In December 2011 countries agreed – through the Ad Hoc Working Group on the Durban Platform for Enhanced Action (ADP) – to negotiate a new treaty by 2015. Many proposals for this agreement include a mechanism through which countries’ “contributions” to the 2015 agreement and beyond will be reviewed by other countries pre-and/or post-adoption. The extent to which national contributions reflect goals determined domestically (a “bottom up” system) or negotiated targets (a “top-down” approach) remains a central topic of discussion, as do the nature of the contributions themselves and how they will be distributed across countries. But regardless of how these balances are stuck, some form of country-to-country review seems likely to play a significant role in the post-2015 climate regime, as part of a “multi-lateral adjustment process.”
What role can review play in the UN Framework Convention on Climate Change (UNFCCC)? How can the mechanism be designed to maximize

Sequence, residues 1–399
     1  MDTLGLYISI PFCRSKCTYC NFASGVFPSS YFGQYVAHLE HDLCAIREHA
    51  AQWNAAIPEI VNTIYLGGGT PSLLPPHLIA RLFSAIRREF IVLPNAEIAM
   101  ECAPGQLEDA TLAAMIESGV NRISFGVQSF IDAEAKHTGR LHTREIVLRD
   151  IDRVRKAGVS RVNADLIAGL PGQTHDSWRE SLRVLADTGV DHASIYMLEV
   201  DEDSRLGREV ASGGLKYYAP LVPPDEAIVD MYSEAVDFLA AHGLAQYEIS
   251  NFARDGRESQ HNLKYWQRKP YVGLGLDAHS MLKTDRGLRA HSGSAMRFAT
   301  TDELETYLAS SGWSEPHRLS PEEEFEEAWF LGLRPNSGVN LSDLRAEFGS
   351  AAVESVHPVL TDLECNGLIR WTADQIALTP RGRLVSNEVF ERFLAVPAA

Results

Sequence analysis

benefits and avoid pitfalls?
Started in year 2010, ‘Climate Himalaya’ initiative has been working on Mountains and Climate linked issues in the Himalayan region of South Asia. In the last five years this knowledge sharing portal has become one of the important references for the governments, research institutions, civil society groups and international agencies, those have work and interest in the Himalayas. The Climate Himalaya team innovates on knowledge sharing, capacity building and climatic adaptation aspects in its focus countries like Bhutan, India, Nepal and Pakistan. Climate Himalaya’s thematic areas of work are mountain ecosystem, water, forest and livelihood. Read>>